Francis Plaza said Tuesday he does not remember shooting and killing his wife.
He remembered her laughing, telling him their 19-year marriage was over and that it had "all been a lie."
The next thing he remembered was his wife lying on the bed "and the gun is in my hand," Plaza said.
Plaza, 51, a construction company draftsman and volunteer fireman, is on trial in York County Common Pleas Court on charges of first- and third-degree murder for the July 25, 2009, death of Michelle Plaza, 44, the mother of his three sons. Closing arguments are scheduled for today.
Francis Plaza testified for almost two hours Tuesday in the county Judicial Center. He said he "blacked out" during an argument with his wife in the bedroom of their York Township apartment.
Earlier in the evening, Plaza said he was "neatening" his chest of drawers before putting away some laundry he had done. He also was deliberating between going to New York to visit his sister and attending a fire training session the next day.
He had left his wife in the living room, where she was filling out a form he believed was a rental application. He said when he asked her about it, she ignored him.
In the chest of drawers was a .357 Magnum Taurus five-shot revolver, he said. Plaza told the jury he kept four rifles and shotguns under his bed for hunting and had another handgun in a safe in the bedroom closet.
He said he took the revolver out of the bureau and was going to put it in the safe if he decided to go to New York.
He testified that, when his wife walked into the bedroom, telling him she was going to take a shower, he tucked the holstered gun under the bed comforter. He said his wife was aware of the firearms but didn't like them. He said he didn't want her to see him holding a handgun because she might think he was upset.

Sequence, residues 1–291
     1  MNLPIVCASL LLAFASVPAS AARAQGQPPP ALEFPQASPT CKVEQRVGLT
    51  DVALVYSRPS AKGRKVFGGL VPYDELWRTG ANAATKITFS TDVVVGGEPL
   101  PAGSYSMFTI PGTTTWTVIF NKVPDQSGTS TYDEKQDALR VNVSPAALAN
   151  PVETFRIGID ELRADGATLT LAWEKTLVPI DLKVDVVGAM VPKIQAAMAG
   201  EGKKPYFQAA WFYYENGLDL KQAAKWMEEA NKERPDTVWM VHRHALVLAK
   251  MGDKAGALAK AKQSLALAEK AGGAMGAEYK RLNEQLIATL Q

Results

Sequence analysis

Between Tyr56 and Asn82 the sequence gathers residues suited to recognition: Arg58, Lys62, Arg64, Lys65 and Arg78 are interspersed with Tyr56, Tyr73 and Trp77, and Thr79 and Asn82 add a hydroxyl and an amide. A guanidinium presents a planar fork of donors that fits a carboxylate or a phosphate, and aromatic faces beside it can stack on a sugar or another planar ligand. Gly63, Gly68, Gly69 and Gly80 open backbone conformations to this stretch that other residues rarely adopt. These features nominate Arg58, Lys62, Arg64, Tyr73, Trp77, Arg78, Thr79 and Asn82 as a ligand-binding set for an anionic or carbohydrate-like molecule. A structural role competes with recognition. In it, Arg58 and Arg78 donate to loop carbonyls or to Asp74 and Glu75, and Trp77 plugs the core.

He said he told her they needed to talk about their marriage.
"I thought we were trying to reconcile our relationship," he told the jury. "She was laughing at me when she said it was all a lie. I was crying.
"I reached out to touch her hand and she said don't touch her or she was going to call the cops. I was upset. I was never physical with her.
"She was all laughing in a cynical, sarcastic way. I was angry and she just kept laughing. She couldn't care less. It pushed me over the edge. I never recall getting angry like that in my life.
"She was lying on the bed. I was looking at her. She wasn't moving."
Plaza said he did not attempt CPR because he could tell she was not breathing.
"She appeared dead," he said. "I didn't see any reason for doing CPR."
Plaza said his wife would spend hours on the computer, on Facebook and watching movies. Eleven days earlier, she had left with the three boys and moved them into her sister's apartment.
Plaza said when she moved back the next day, he thought she was open to reconciliation. He said they made love that night. But it was the last time, he said.
He said his wife grew more distant, spending more time on the computer and not talking to him.